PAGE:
On a crisp fall weekend, 165 youth and adults from high schools throughout Vermont pack a large, renovated barn on the campus of Goddard College. They have gathered to “Be the Buzz”: to speak up, dig deep, and work together for school transformation in their schools and across the state .“This is what real youth–adult partnership looks like,” one teacher remarks. A student adds, “And what school change sounds like.”
Our Schools, Our Future: San Francisco Youth Campaign for Equitable College Access (2009)
It’s lunchtime at Balboa High School, once one of San Francisco’s most troubled schools but now on the rebound. Twenty-five students grab a sandwich and a seat. In six hours, the San Francisco Board of Education will vote on a policy these students have fought for all year long: to make the “A through G” course curriculum, required for admission to California’s state universities and colleges, the default curriculum for all students in the San Francisco Unified School District.
History You Can Touch (2009)
“I’ll be talking about courage and Common Sense with Thomas Paine,” begins Carriola Chambers, 16, as she steels her nerves. It’s presentation day at Facing History School (FHS) in mid-Manhattan and students like Carriola are demonstrating to small panels of teachers and peers how they have advanced their “habits of learning” over the quarter. There’s a passion for self-discovery through history at FHS that you won’t find at any other school.
Having a Say: Youth and Educational Activism (2009)
Ever since school was made compulsory for American children in the early 20th century, efforts at reform rarely included input from youth. But that is changing, as policymakers are beginning to value the opinions of youth, and as youth themselves have realized their collective power through new networking media. Ten years ago, it was hard for young people, or adults even, to know whom to lobby, to find which elected officials, let alone to figure out how to contact them.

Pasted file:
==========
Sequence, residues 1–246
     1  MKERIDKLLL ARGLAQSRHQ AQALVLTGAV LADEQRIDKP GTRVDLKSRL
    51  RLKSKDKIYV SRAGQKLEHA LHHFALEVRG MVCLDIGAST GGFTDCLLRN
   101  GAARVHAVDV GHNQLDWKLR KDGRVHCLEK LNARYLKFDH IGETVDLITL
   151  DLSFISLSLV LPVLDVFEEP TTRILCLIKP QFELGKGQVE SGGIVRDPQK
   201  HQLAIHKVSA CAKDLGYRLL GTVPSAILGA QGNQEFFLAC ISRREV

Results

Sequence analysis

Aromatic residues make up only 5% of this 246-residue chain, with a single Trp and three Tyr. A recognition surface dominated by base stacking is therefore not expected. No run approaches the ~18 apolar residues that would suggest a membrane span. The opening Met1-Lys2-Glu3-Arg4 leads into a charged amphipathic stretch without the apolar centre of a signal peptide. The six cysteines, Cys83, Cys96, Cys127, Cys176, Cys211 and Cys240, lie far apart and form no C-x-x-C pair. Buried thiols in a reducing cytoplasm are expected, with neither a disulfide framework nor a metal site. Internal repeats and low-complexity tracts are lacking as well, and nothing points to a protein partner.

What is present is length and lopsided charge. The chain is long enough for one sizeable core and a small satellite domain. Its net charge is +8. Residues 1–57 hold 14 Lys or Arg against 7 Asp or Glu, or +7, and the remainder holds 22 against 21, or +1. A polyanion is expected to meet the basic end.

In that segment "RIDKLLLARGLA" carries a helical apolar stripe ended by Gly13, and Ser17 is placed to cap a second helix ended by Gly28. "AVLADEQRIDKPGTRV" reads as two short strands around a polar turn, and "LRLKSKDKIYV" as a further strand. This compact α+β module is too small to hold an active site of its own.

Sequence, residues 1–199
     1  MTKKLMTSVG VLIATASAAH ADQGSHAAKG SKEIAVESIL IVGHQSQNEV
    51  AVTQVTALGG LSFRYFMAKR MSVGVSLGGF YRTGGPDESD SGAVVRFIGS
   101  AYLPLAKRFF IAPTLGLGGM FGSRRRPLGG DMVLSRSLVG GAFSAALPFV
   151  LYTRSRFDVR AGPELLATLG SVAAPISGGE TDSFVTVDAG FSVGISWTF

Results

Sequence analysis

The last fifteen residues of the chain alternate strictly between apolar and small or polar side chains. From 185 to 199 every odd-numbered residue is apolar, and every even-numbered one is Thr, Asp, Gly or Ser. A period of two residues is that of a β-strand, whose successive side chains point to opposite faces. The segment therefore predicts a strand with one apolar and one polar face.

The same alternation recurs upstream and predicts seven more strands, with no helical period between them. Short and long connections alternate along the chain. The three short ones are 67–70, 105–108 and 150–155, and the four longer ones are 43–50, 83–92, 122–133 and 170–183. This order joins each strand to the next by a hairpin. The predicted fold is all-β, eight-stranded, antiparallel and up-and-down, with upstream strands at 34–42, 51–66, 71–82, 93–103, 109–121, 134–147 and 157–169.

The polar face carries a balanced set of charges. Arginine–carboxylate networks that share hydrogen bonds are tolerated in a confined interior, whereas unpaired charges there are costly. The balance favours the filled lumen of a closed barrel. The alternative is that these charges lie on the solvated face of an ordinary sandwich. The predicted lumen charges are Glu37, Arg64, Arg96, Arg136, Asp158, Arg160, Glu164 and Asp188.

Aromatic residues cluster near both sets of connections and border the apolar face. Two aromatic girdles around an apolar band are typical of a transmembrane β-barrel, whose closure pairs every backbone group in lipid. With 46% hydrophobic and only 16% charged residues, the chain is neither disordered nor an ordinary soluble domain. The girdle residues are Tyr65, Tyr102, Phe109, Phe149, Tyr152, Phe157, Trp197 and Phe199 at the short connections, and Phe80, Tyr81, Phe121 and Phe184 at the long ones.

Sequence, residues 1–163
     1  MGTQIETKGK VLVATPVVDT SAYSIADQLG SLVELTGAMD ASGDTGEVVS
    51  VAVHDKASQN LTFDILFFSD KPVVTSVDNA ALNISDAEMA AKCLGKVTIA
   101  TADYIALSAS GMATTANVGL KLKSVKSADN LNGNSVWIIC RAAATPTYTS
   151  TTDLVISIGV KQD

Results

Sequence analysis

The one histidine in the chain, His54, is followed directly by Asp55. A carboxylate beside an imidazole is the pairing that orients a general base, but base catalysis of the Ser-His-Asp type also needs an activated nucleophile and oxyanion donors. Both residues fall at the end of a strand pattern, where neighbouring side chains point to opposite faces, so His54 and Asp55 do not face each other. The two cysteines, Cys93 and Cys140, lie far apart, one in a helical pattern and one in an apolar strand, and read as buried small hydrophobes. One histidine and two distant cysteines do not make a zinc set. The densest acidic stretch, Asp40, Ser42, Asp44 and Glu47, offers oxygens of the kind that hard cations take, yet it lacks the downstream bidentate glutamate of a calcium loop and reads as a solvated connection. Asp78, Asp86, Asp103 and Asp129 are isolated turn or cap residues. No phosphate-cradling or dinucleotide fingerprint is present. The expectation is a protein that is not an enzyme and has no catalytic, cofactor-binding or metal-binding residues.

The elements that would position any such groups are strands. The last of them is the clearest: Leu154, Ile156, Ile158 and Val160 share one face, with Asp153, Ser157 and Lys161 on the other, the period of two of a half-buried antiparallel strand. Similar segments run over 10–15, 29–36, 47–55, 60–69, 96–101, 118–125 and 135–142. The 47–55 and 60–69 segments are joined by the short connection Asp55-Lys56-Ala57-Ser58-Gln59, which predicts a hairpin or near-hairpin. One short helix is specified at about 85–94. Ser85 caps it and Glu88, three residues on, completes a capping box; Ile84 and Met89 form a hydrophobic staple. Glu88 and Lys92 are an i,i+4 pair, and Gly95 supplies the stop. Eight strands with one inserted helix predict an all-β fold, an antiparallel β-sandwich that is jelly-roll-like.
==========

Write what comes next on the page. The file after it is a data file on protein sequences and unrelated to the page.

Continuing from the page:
We Are Change (2006)
With a video camera to her eye, Alice Giaccone, 18, moves through a buzzing high school hallway at lunchtime. She poses the same question to each person she stops: “What do you think of high school redesign?” Alice, along with seven other “youth mobilizers,” spent the past year documenting what young people want—and don’t want—from their high schools in Austin, TX.
Reflections on What Works: A Group of Teenage Classroom Observers Raises the Bar for Teachers (2006)
At Lexington High School, a large suburban high school outside Boston, a dedicated crew of teenaged students is visiting classrooms with an innovative vision of student-teacher dialogue. They go into classrooms not to learn what is being taught, but to look at how it is being taught, and to create a dialogue about effective teaching and learning.
Restoring Hope Where It's All but Gone (2005)
Students enrolled in Indianapolis public high schools face hard truths everyday. Indianapolis has the fifth worst graduation rate in the country; only 25 percent of black males earn a high school diploma. Student research teams at all five of the city's high schools have studied the problems and are adding their voice to the district's redesign effort.
Tough Talk about Student Responsibility: Growing Student Leaders in Oakland, CA (2004)
Several years ago at Oakland Tech High School Darrick Smith began a program called TryUMF (for Try and Uplift My Folks), a leadership class any student can take and re-take. Smith makes fierce academic and social demands on students, but they pay off. Recently WKCD interviewed Smith and his students about their push for responsibility.
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“There’s a radical—and wonderful—new idea here… that all children could and should be inventors of their own theories, critics of other people’s ideas, analyzers of evidence, and makers of their own personal marks on the world.”
– Deborah Meier, educator